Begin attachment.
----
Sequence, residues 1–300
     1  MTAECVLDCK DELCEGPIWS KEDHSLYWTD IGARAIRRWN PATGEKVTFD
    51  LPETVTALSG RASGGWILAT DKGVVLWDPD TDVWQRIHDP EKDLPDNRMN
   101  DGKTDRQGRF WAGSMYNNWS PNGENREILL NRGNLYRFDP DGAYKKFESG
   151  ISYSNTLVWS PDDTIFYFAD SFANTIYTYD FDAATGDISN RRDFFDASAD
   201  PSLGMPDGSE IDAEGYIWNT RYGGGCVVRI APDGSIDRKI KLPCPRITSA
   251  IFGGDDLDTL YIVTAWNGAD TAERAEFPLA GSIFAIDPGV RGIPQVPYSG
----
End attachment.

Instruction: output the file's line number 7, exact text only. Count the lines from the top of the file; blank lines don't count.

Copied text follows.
   251  IFGGDDLDTL YIVTAWNGAD TAERAEFPLA GSIFAIDPGV RGIPQVPYSG